"Poetics" Updated With A Bow To
What tragedy's about:
the snot in every snout,
in life's sweet fruit the weevil
the "problem," dears, "of evil."
Comedy won't abet it,
blithely implies, "Forget it.
Dance to its push and pull.
Americans don't choose
to listen to such news.
For instance, there's my momma.
She loves Japanese drama,
adores "that there Kabuki.
O yeah, it's really spooky."
Song Of The Urban
Let's have a cheer
Yeah, let's start rootin'
No more a balmy,
will for our good,
Russia's a mess,
but he'll express
her heart's desire,
No fool, no dunce,
he'll bring her once
Nah. Today's pace is
those empty holes,
"Song Of The
Urban Peasantry," An Annotation
The "urban peasantry" in Russian cities and
towns is something new in the history of the world. A
Great Culture in Oswald Spengler's terminology arises
from a peasant countryside as yet innocent of urban
life and money, which develop later in the first
towns. But premature urbanization has been forced on
the Russian peasantry along with Western styles,
technology, and political organization. Its dogged
underlying nature keeps asserting itself, however, as
in the epic, totally surprising defeat of Nazi
Germany in World War II. Nowadays in outlying cites
of Russia, the Western-style economy has broken down;
no one gets paid, and the old peasant system of
barter has reasserted itself in a spontaneous system
of payments in kind and subsistence farming on garden
plots. It is the heavy, deeply cynical and spiritual
mentality of this class of people that the poem seeks
to imagine and portray.
The poem's stanza form, two couplets with the fourth
dimeter shortened by half, puts great emphasis on
that final one-beat phrase. The mocking tone is
established immediately with the echo of
Western-style sports events and conviviality,
culminating with the new President's last,
distinguishing name in the climax position.
Thereafter, the final line of each stanza becomes
extremely ironic. Is Putin a "nice gent"?
Perhaps the speaker himself hardly knows. In the next
stanza the irony of "the jerk" cuts at
least two ways. In the newly-instituted capitalist
society, based on greed and selfishness, Putin is a
"jerk" to devote himself to the public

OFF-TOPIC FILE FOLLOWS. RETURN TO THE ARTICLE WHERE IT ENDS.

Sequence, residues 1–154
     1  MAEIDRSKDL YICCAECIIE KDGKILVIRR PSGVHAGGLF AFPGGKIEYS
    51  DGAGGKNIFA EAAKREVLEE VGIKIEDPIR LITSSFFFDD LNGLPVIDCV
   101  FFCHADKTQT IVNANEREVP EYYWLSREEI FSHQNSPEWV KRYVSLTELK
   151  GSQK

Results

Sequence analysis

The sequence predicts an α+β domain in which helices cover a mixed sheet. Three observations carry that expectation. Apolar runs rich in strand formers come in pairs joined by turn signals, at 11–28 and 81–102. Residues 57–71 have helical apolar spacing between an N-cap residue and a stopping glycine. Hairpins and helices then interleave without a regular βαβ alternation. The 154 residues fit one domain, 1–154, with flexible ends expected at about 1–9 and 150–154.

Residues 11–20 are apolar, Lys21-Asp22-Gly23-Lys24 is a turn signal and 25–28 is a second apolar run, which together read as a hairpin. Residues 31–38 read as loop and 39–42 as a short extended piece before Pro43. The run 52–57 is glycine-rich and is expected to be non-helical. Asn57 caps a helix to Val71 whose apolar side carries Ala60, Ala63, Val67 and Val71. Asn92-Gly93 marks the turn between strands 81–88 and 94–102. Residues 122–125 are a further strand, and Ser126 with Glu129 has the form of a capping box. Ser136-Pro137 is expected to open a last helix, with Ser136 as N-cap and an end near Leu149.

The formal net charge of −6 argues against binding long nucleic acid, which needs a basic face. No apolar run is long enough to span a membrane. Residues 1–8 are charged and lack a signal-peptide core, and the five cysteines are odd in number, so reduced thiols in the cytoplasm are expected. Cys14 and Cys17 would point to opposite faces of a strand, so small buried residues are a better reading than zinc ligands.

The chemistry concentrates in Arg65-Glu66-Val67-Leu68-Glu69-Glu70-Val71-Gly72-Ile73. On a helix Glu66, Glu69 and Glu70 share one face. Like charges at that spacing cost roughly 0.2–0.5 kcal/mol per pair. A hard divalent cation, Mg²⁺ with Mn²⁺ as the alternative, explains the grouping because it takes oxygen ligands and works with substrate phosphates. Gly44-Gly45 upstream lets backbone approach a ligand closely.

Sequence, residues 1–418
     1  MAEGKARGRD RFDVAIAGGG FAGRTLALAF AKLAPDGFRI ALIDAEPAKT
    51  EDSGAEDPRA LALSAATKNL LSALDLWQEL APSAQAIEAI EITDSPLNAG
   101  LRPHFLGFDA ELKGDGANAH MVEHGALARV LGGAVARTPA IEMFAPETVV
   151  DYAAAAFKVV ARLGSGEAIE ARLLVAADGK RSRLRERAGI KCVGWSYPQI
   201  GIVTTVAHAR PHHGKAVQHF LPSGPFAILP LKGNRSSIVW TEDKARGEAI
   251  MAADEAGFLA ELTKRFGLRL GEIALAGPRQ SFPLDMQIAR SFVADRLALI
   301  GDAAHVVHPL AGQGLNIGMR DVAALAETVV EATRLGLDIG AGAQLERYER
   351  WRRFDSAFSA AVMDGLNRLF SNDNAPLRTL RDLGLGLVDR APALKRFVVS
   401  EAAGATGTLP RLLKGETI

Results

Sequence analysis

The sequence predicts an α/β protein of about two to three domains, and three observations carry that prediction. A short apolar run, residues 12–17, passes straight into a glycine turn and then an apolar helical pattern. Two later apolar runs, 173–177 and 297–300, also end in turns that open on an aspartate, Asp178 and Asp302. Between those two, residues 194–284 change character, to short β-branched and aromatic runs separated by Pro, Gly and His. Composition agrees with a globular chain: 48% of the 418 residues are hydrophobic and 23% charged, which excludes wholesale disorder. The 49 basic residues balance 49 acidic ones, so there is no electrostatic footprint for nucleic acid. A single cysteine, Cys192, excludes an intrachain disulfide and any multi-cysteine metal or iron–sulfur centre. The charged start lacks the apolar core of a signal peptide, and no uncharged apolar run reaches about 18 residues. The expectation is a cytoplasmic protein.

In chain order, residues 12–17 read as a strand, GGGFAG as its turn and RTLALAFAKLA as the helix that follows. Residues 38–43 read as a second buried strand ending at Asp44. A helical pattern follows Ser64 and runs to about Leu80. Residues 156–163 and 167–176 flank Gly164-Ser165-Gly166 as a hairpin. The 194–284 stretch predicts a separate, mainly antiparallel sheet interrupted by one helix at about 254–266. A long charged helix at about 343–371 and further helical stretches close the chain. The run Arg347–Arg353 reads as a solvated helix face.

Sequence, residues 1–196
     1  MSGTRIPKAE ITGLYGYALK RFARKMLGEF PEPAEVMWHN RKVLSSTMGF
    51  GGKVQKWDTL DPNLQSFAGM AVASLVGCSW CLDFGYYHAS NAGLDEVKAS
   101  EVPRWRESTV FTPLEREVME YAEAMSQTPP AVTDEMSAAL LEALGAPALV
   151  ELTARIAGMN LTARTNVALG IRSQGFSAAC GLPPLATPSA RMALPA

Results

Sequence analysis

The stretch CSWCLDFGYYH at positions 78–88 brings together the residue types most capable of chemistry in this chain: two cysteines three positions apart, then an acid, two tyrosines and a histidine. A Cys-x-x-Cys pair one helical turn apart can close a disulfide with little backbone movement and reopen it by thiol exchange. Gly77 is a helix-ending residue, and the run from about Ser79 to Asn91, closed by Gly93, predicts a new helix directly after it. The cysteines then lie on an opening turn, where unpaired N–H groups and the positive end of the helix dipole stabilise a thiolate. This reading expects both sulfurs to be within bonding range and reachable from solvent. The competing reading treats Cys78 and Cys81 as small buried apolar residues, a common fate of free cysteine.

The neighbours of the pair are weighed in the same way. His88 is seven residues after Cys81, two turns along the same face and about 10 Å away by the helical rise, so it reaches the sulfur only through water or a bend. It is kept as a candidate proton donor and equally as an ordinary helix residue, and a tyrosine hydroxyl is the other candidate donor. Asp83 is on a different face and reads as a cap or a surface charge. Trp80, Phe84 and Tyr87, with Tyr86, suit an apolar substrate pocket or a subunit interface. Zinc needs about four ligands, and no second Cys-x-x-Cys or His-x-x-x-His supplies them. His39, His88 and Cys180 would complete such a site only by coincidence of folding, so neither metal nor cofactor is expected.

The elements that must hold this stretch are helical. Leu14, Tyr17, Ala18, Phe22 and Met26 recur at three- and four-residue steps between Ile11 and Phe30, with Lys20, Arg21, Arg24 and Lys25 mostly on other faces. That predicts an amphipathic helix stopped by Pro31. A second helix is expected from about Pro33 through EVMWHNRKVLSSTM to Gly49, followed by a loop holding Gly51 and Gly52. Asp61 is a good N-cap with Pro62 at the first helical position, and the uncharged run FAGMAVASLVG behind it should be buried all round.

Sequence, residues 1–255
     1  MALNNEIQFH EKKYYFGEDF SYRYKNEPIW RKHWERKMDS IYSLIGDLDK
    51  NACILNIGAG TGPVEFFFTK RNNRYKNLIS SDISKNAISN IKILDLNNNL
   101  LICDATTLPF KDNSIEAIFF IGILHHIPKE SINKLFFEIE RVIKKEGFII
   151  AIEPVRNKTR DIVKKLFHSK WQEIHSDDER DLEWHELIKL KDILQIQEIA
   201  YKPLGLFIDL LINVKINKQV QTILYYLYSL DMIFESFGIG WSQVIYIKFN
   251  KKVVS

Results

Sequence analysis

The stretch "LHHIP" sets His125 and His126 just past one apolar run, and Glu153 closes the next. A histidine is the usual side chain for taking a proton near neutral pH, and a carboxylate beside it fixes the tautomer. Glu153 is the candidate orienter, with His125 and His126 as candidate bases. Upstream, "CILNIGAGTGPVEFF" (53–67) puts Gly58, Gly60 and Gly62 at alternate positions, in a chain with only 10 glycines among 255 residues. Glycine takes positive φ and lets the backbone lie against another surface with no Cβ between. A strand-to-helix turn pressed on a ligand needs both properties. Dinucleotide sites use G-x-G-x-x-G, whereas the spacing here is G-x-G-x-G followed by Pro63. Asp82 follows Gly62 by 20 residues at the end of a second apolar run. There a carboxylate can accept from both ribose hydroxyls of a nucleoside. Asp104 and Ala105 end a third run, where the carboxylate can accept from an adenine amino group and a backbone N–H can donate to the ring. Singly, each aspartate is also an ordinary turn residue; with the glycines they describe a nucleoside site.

good. On the other hand, the public, including the
speaker, is not very fortunate because it only has a
"jerk" looking after its interests. After
all, he is not working for the actual public good,
but only that good "as understood,"
presumably by himself, and he can't be expected to
understand much because he's a "jerk."
In this situation, it is not surprising that
"Russia's a mess." The "heart's
desire" of the unawakened Russian masses is
completely unknown, so that the glib statement that
Putin is going to express it registers as very heavy
irony indeed, driven home in the climax line: of
course, anyone who would pretend to such an
impossibility has to be a "liar."
But as the poem goes on to say, Putin is "No
fool, no dunce." He is still dangerous. What
will he do with his power? Russia's "heroic
doin's" refers, of course, to her momentous
defeat of Germany, mentioned aboveand maybe
other things as well: the novels of Dostoyevsky,
perhaps, or the music of Shostakovitch. Will Putin
and his capitalism bring all that to nothing? The
irony in the final stanza is, once again, extremely
complex. The snide dismissal, "Nah,"
implies that the destruction of such a grand past
would itself have a certain grandeur about it and so
would be beyond the power of this little man and the
trivial inconsequential age over which he presides.
The final two lines give the poem its deadliest twist
of all. Our present capitalist Russia, says the
speaker, is an unheroic age of
"commonplaces," and this spiritual
emptiness includes the speaker himself and his fellow
urban peasants; but at the same time, recognizing
this fact is an act of spiritual courage. To see that
one's soul is empty is to realize that one has a soul
and to enter upon the path of spiritual renewal. But
this is not a path that can begin in the fatuous hope
of such renewal. To be genuine, it must begin in
complete despair. Hence the poem's bitter ending.